OT: Controversy and politics at the World Cup

Argentina captain Lionel Messi raises the FIFA World Cup trophy while donning a bisht after beating France on penalties in a thrilling final. Photo courtesy of Eurosport.com.

CALEB DENORME | SPORTS REPORTER | cdenorme@butler.edu

Overtime, or “OT,” is an opinion column series where the Collegian takes national sports headlines and gives them a Butler-centric angle.

As the final celebrations wound down in Doha on Dec. 18, 2022, the world began to look back on what was a thrilling World Cup on the field, but a mixed bag off the field. 

The controversy began when former disgraced FIFA president Sepp Blatter announced in Dec. 2010 that Qatar would be the host nation for the 2022 edition of the World Cup. Other nations had bids to host the tournament that officials deemed were more appealing than Qatar, including a bid from the USA. 

First-year elementary education major Noah Lipscomb was not surprised there was corruption, but stated that it’s sad bribery takes place in sports.

“It’s very unfair.” Lipscomb said. “Sports is clearly not a place for those kinds of activities…it just shows that money can do a lot for you in the world.”

The decision to have Qatar as the host was groundbreaking at the time because no Middle-Eastern country had ever hosted the World Cup before. Immediately due to FIFA’s history of corruption and bribes, many began to look closer at how Qatar managed to land the world’s biggest sporting event. Blatter even came out and admitted that FIFA made a mistake in awarding the event to Qatar.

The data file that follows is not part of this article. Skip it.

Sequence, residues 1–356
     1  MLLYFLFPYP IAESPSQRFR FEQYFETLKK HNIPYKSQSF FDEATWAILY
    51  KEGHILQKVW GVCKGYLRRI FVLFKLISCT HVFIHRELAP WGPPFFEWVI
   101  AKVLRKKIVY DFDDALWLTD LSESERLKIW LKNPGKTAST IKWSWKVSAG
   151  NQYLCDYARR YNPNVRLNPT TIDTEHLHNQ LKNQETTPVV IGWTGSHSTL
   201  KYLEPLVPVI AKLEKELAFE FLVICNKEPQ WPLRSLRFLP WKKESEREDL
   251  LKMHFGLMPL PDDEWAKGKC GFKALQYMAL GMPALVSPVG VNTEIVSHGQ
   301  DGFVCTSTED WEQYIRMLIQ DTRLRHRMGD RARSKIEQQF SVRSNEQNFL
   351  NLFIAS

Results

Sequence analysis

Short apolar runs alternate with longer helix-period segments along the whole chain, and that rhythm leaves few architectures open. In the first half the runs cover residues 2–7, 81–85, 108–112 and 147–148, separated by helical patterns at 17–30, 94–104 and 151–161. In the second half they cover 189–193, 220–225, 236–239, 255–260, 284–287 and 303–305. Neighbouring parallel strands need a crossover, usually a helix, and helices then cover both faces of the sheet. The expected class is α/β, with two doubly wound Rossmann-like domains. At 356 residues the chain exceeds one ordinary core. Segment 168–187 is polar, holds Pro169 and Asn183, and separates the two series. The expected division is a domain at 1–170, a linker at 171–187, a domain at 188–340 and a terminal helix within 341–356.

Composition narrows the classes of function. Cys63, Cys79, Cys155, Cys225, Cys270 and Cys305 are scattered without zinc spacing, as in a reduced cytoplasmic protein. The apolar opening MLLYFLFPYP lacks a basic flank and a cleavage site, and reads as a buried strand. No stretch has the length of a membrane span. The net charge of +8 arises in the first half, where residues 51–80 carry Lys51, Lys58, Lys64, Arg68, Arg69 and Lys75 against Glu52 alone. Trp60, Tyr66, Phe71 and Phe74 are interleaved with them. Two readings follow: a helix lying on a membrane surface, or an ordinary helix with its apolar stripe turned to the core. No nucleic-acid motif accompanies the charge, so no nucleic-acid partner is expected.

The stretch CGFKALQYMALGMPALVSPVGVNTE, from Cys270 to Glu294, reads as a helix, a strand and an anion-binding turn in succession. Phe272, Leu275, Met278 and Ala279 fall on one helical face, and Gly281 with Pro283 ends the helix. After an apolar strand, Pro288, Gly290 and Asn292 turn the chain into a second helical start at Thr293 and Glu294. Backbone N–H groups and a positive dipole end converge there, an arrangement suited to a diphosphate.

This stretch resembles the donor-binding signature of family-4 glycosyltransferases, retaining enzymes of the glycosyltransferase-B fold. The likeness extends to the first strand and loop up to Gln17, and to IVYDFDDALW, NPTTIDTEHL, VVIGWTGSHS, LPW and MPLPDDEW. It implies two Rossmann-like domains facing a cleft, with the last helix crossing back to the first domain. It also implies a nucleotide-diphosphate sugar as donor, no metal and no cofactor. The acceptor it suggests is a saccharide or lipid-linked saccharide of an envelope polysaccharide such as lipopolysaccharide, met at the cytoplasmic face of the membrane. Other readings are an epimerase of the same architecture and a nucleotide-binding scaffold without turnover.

After landing the tournament, Qatar got straight to work building eight state-of-the-art new stadiums as well as other projects to improve their infrastructure. To be prepared and ready to go by the start date in 2022, the country brought in millions of migrant workers from Africa and Asia to complete the project.

From 2010 to 2020, Qatar only reported that 40 workers had died during the projects, but only three of them were “work-related”. Data coming out from the workers’ home countries suggest that thousands of workers died while working on stadiums, and other World Cup-related projects.

First-year exploratory business student Chris Walker said that Qatar was “sick” for how they treated the migrant workers leading up to the tournament.

“It’s pretty twisted in of itself,” Walker said. “Especially because they spent all that money to get that bid and they weren’t ready for it. So they had to use their own citizens…basically working them to death is really bad.”

The human toll weighed heavily on the minds of the public as stories continued to come out about the Qatar death toll, with many even boycotting watching the tournament.

The worst part about the worker crisis was the way Qatar kept justifying and covering up the cause of death for these workers. The term “acute heart failure due to natural causes” became popular among Qatari officials when detailing how many of the workers died.

The harsh reality is that the workers were underpaid, overworked and lived in inhumane conditions. Working in the Middle Eastern sun for 10-14 hours a day over a long period of time puts a toll on the human body. Had the World Cup been awarded to another country with the proper infrastructure and labor laws in place, this catastrophe could have been avoided.